The U.S. stock market staged a late rally Thursday as investors shrugged off some early concerns about risks posed by the coronavirus spreading through China, illustrating the volatility caused by uncertainty abroad. The Wall Street rally was a contrast to foreign markets, which largely slumped.

Chinese markets are closed until Monday for the extended Lunar New Year holiday, but Hong Kong’s Hang Seng Index shed more than 2.5 percent and Japan’s Nikkei declined 1.7 percent. European stocks followed suit, with the benchmark Stoxx 600 index down 0.95 percent in midday trading. The Dow Jones industrial average fell nearly 150 points at the opening bell, clawed back more than 100 points within minutes, then dropped again. It rallied in the afternoon, though, closing the day up 125 points. The Standard & Poor’s 500 and Nasdaq indexes both rose roughly 0.3 percent.

Investors and business leaders are still unclear about the scope of the economic impact from the coronavirus, but numerous companies have pulled back or temporarily suspended operations.

The virus, which has infected 7,700 and killed 170 in China, has paralyzed nation’s workforce, with at least three provinces barring all nonessential business activity until Feb. 10. In Hubei province, which has seen the most cases, business activity has been suspended until Feb. 14. And as authorities scramble for solutions to contain the spread, global firms with roots in China have been forced to shut their doors or temporarily freeze operations, without any certainty as to how long the disruption will last.

“Companies are taking decisive action over their exposure to China, such as canceling flights, closing stores and shutting factories,” Russ Mould, investment director at AJ Bell, wrote Thursday in a note to investors. “It is already clear that earnings will be hit as a result of the coronavirus and we still don’t know when the health incident will be contained.”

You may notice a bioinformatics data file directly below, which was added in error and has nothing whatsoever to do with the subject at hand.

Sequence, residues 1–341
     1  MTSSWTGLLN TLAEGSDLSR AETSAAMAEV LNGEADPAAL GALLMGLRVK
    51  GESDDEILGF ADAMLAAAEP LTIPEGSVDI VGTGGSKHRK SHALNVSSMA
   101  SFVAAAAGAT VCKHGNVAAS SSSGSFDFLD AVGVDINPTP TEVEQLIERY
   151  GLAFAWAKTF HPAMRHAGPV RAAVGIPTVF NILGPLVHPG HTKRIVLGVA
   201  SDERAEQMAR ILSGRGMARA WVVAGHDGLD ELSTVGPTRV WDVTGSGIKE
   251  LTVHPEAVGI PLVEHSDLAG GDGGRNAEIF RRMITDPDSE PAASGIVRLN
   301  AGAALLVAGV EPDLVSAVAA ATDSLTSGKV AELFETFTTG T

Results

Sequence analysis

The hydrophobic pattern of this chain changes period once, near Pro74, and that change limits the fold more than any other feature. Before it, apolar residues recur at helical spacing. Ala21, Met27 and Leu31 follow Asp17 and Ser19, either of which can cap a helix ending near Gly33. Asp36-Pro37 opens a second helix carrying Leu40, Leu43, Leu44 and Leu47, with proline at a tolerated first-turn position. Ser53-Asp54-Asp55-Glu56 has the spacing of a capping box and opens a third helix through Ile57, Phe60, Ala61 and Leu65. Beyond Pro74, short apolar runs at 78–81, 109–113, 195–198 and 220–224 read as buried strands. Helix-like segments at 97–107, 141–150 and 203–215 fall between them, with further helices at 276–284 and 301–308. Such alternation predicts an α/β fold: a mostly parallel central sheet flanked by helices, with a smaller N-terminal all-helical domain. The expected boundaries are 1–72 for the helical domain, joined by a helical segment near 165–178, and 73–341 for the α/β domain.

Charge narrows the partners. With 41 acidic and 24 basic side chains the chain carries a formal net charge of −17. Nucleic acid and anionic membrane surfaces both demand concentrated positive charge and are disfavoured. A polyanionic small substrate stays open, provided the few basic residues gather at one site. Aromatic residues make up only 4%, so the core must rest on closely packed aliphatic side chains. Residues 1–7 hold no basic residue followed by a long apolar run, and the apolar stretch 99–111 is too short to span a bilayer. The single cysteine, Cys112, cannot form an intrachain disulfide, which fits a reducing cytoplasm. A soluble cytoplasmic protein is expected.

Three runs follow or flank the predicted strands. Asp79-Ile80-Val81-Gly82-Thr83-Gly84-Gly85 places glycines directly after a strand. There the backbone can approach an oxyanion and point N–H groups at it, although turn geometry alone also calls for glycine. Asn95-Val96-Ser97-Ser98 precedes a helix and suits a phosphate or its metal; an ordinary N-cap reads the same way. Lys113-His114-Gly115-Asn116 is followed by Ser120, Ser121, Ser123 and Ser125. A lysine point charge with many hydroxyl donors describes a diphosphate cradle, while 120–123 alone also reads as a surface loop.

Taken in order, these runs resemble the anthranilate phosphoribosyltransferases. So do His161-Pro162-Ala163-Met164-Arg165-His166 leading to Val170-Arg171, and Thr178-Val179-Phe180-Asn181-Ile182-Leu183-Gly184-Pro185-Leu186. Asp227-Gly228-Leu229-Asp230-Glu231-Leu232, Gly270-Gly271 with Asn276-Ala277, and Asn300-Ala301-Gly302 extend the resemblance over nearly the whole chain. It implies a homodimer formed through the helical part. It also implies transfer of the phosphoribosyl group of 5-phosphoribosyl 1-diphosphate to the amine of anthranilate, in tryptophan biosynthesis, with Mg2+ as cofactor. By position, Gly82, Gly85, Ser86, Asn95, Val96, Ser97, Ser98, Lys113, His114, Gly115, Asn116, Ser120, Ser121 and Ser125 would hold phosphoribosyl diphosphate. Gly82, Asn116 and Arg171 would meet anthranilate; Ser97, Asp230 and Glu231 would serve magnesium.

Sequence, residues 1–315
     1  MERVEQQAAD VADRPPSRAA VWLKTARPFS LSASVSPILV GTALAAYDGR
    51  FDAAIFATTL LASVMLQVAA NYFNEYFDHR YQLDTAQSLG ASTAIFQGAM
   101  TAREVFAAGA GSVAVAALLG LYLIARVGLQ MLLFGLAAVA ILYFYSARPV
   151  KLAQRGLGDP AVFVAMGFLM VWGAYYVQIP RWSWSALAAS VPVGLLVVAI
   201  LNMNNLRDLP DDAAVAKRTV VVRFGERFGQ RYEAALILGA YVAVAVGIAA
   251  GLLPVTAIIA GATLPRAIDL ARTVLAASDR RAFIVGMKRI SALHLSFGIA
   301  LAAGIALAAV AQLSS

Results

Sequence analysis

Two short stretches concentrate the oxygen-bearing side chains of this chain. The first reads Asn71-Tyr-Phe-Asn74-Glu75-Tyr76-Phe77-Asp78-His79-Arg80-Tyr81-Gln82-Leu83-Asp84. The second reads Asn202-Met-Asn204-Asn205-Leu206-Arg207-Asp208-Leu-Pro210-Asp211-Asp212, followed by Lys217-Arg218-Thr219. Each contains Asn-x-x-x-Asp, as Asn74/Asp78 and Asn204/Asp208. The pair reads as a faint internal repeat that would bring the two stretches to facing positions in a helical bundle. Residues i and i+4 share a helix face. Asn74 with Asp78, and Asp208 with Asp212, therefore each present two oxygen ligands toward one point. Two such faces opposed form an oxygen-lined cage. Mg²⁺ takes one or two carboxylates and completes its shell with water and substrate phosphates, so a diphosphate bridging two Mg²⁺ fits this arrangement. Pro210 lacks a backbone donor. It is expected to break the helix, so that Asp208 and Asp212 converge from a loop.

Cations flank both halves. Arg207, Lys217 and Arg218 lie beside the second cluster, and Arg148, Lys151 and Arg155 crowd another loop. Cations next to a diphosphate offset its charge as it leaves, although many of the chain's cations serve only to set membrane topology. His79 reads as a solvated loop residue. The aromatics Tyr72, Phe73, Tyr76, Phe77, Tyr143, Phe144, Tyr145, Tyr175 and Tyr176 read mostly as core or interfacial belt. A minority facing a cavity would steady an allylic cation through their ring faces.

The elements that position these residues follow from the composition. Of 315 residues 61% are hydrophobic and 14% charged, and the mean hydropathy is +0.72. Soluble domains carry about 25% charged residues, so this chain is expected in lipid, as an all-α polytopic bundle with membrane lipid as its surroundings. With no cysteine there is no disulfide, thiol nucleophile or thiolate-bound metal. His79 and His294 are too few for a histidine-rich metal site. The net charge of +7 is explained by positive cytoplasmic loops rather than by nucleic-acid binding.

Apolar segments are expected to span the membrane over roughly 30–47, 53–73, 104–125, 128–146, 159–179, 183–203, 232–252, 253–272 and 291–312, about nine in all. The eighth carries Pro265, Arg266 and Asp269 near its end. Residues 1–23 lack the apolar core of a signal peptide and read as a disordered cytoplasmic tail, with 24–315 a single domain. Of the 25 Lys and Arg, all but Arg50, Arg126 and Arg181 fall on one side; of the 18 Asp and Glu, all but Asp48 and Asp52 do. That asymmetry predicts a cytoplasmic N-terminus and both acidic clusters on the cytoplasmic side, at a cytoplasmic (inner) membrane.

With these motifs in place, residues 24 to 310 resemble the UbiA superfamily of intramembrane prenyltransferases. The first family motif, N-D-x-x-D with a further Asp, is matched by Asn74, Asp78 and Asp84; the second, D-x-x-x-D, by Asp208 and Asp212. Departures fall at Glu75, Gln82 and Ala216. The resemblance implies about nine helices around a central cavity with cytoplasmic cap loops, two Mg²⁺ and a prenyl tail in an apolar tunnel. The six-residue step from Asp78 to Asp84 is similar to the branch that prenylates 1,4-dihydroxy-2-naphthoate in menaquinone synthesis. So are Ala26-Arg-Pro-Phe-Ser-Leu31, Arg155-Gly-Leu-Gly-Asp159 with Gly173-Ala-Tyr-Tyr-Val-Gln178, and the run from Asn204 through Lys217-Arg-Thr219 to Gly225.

Starbucks earlier this week shuttered more than 2,000 locations — more than half its stores in the country — and McDonald’s, KFC and Apple have also announced closures. Google said it closed its five offices in mainland China, Hong Kong and self-governing Taiwan.

The outbreak is taking a toll on the airline industry, with British Airways and American Airlines reducing direct flights to and from China. Germany’s Lufthansa canceled all Chinese flights until Feb. 9, though it said it would continue service to Hong Kong.

Even though U.S. markets closed higher, some companies with economic ties to China slumped. Starbucks shares fell roughly 1 percent. Caterpillar, a global bellwether, fell as well.

Passenger air traffic was about 35 percent lower at the SARS outbreak’s worst point for airlines in the Asia-Pacific region, according to the International Air Transport Association. And for 2003 as a whole, the association estimated that SARS, or severe acute respiratory syndrome, cost those carriers 8 percent of their revenue, or roughly $6 billion at the time. The airline industry is being watched closely as flight cancellations persist.

On Thursday, the World Health Organization designated the outbreak a global emergency. Such a designation could signal that the worst is yet to come, for China and global businesses.

“The virus impact on Chinese industrial production and exports will likely force the PBOC’s hand into using the bazooka of stimulus they were saving in case the US-China trade war took a turn for the worse,” Ed Moya, an analyst with OANDA, wrote in a note to investors Thursday. “Until markets are confident the virus has peaked and the outbreak is finally contained, U.S. stocks will struggle despite strong earnings.”

Despite a 2.1 percent rise in fourth-quarter gross domestic product, the U.S. economy grew at the slowest pace since 2016 last year, the Commerce Department reported Thursday. Growth for the full year was 2.3 percent, compared with 2.9 percent in 2018 and 2.4 percent in 2017.

The slowdown defies claims from the Trump administration that stimulus from the 2017 tax bill, which yielded big cuts for corporations and households, would lead to 3 percent GDP growth.

In an interview with Fox Business, Commerce Secretary Wilbur Ross said the virus could have a positive impact on the U.S. economy, because health risks would force companies to seek alternatives to business in China.

“I think it will help to accelerate the return of jobs to North America,” he said.

At a Federal Reserve meeting Wednesday, Fed Chair Jerome H. Powell said that the central bank is closely monitoring the situation in China but that it is too early to know how big a bite it will take out of the global economy.

“The situation is really in its early stages, and it is very uncertain about how far it will spread and what the macroeconomic effects will be,” Powell said. “I’m not going to speculate about it at this point … We are very carefully monitoring the situation.”

Meanwhile, Facebook’s stock took a beating after the company reported fourth-quarter earnings that beat expectations but also showed a 51 percent rise in expenses compared with 2018. The social media giant’s shares ended the day down more than 6 percent.